2. I like the idea of it. I do. But I’m weary of money hungry politicians finding away to make a grab for the lump sums. I also don’t like the idea of people, millions of ppl, that have zero idea how to invest, where to invest, or who to go through. There are too many grifters in the investment world, and not everyone graduates H.S. with a firm grasp on math, let alone financial securities. I mean, alot of pple rely on the fact that ss will be there. And what happens to all the cases of ppl who didn’t make enough to invest?

    Asking for a friend????

  3. Not to mention the fact that the Gov’t has a debt to repay to the Ss accounts as it is. What happens to that owed money?

    *My apologies, I meant to include this thought with my first comment.

  4. I understand anyone not wanting to continue this mandated contribution of their pay. Believe me, every generation has felt the same way, since the 1st gen to draw SS was the one who implemented it and paid zero into it. That being said, I want my money that was withheld from MY pay since I started working at 14 y/o (documented). The funds have been diverted repeatedly, and any amount deemed “overage” is available to and used by congress at will. Shut ‘er down, but I want an immediate refund..UNTAXED since the govt used it interest free all these years…

  5. Social Security will never be eliminated in our lifetime, or that of my kids. But that doesn’t mean there aren’t steps that we can take to safeguard the promises that have been made to older generations while reforming the system so that it remains solvent and can continue to act as a savings instrument for American workers.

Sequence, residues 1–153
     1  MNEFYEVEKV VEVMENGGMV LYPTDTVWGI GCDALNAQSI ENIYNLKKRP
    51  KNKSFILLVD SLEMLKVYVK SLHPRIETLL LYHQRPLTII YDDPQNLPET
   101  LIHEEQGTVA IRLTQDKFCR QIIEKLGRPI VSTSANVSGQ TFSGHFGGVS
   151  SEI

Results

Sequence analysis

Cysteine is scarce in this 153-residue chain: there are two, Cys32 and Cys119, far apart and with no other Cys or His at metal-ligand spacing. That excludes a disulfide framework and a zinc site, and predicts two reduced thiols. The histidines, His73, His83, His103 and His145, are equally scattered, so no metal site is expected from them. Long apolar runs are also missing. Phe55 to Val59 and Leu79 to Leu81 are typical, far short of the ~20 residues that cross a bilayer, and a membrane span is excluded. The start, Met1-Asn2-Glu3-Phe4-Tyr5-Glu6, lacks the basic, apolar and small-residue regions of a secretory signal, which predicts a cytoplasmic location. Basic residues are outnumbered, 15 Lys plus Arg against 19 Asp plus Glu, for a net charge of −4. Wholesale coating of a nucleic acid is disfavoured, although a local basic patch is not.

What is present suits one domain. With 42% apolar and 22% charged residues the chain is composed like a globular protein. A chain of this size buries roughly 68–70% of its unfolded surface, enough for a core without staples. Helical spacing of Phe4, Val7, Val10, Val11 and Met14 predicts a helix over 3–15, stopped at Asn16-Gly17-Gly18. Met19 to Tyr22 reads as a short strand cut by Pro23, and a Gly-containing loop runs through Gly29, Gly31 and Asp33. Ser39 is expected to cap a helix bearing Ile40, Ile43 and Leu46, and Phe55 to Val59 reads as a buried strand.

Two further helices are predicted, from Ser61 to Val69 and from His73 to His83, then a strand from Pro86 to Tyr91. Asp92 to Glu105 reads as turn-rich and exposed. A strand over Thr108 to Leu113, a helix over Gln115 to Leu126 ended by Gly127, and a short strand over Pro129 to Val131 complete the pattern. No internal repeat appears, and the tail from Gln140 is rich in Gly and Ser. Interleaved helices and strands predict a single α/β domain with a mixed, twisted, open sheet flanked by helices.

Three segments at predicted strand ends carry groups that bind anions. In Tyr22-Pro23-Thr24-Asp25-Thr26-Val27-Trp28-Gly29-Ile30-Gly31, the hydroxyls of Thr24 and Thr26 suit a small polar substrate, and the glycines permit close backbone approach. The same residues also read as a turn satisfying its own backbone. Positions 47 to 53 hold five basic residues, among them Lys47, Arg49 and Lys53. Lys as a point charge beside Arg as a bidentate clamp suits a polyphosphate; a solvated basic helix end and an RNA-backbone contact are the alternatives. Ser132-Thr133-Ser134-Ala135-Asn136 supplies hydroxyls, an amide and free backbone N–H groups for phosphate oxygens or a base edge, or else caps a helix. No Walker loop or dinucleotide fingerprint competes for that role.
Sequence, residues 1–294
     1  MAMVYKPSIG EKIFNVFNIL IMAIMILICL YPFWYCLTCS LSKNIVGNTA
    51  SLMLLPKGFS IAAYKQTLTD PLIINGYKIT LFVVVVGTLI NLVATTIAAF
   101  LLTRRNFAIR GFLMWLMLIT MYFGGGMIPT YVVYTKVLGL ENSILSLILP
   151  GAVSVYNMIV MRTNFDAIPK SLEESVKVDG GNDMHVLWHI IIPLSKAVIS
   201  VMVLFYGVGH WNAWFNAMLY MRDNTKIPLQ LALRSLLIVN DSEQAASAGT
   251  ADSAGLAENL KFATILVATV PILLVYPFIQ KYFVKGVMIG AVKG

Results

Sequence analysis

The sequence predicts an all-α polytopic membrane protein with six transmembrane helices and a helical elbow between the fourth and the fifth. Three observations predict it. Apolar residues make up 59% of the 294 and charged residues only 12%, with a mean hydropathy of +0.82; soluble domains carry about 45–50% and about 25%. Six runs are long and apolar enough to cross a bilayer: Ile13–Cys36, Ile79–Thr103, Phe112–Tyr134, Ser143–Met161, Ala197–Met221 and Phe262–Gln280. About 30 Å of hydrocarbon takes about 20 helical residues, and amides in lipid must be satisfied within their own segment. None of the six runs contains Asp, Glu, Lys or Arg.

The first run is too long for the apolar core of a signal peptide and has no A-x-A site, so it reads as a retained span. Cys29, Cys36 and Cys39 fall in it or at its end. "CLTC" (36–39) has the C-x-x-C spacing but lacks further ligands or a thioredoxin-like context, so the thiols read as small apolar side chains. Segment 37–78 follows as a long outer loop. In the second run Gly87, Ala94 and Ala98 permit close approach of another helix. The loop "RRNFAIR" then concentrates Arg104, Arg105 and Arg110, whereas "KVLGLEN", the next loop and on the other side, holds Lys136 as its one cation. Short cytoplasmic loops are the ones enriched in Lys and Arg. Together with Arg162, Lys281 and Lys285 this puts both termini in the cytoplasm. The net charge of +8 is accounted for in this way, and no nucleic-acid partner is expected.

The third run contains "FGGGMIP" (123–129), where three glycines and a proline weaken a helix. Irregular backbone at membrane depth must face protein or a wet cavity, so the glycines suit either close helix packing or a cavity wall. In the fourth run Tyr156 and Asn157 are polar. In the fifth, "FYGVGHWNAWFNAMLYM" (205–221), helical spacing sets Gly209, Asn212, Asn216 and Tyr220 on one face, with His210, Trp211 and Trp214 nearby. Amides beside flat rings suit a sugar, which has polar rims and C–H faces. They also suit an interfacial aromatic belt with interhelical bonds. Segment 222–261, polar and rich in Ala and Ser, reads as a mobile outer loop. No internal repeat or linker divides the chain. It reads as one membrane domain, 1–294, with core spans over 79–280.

I’ve covered this in my campaign platform at http://www.Phillips2020.net, but by changing the system from defined benefit to defined contribution and making it more like a 401k plan, we can continue to fund existing entitlements while weening workers 50 and under off of the system over a 30 year phase out period. By moving the employee portion of the payroll tax to personal accounts, keeping the employer portion of the payroll tax to fund existing entitlements, and most importantly removing the $132k cap on earnings we can fix the system and make it a larger return for the employees paying the taxes.

    Standard S&P index funds return well above 3%, where Social Security in it’s current form will pay back a return to the worker of about 1.5% over their retirement. Add in benefits such as loans for hardship and home purchase and we’re not only jump starting business growth by investing these taxes in American companies but also creating an ability of younger workers to obtain their most important asset more quickly, property.

    Phasing out existing benefits at a rate of 3.3% per year on those 50 and younger will make sure that people who have paid in still receive some benefit, but will provide them with both more economic freedom but also certainty in their future returns. Making everyone over 50 exempt from the changes will eliminate the largest voting obstacle to reforming the system.

    Yes, companies that employ individuals making more than $132k will see a 6.5% increase on their payroll needs, but let’s face it, if your business employs high income earners you’ll be able stomach these increases as cost of employment and benefits. Maybe you’ll see smaller bonuses for these workers, maybe increased portions of employee insurance plan costs, but nothing earth shattering.

    It’s good to have a retirement safety net, and the system is well intended, but reform is needed and soon. Getting rid of this entitlement debacle will also go a long way towards reduces our $23 trillion debt.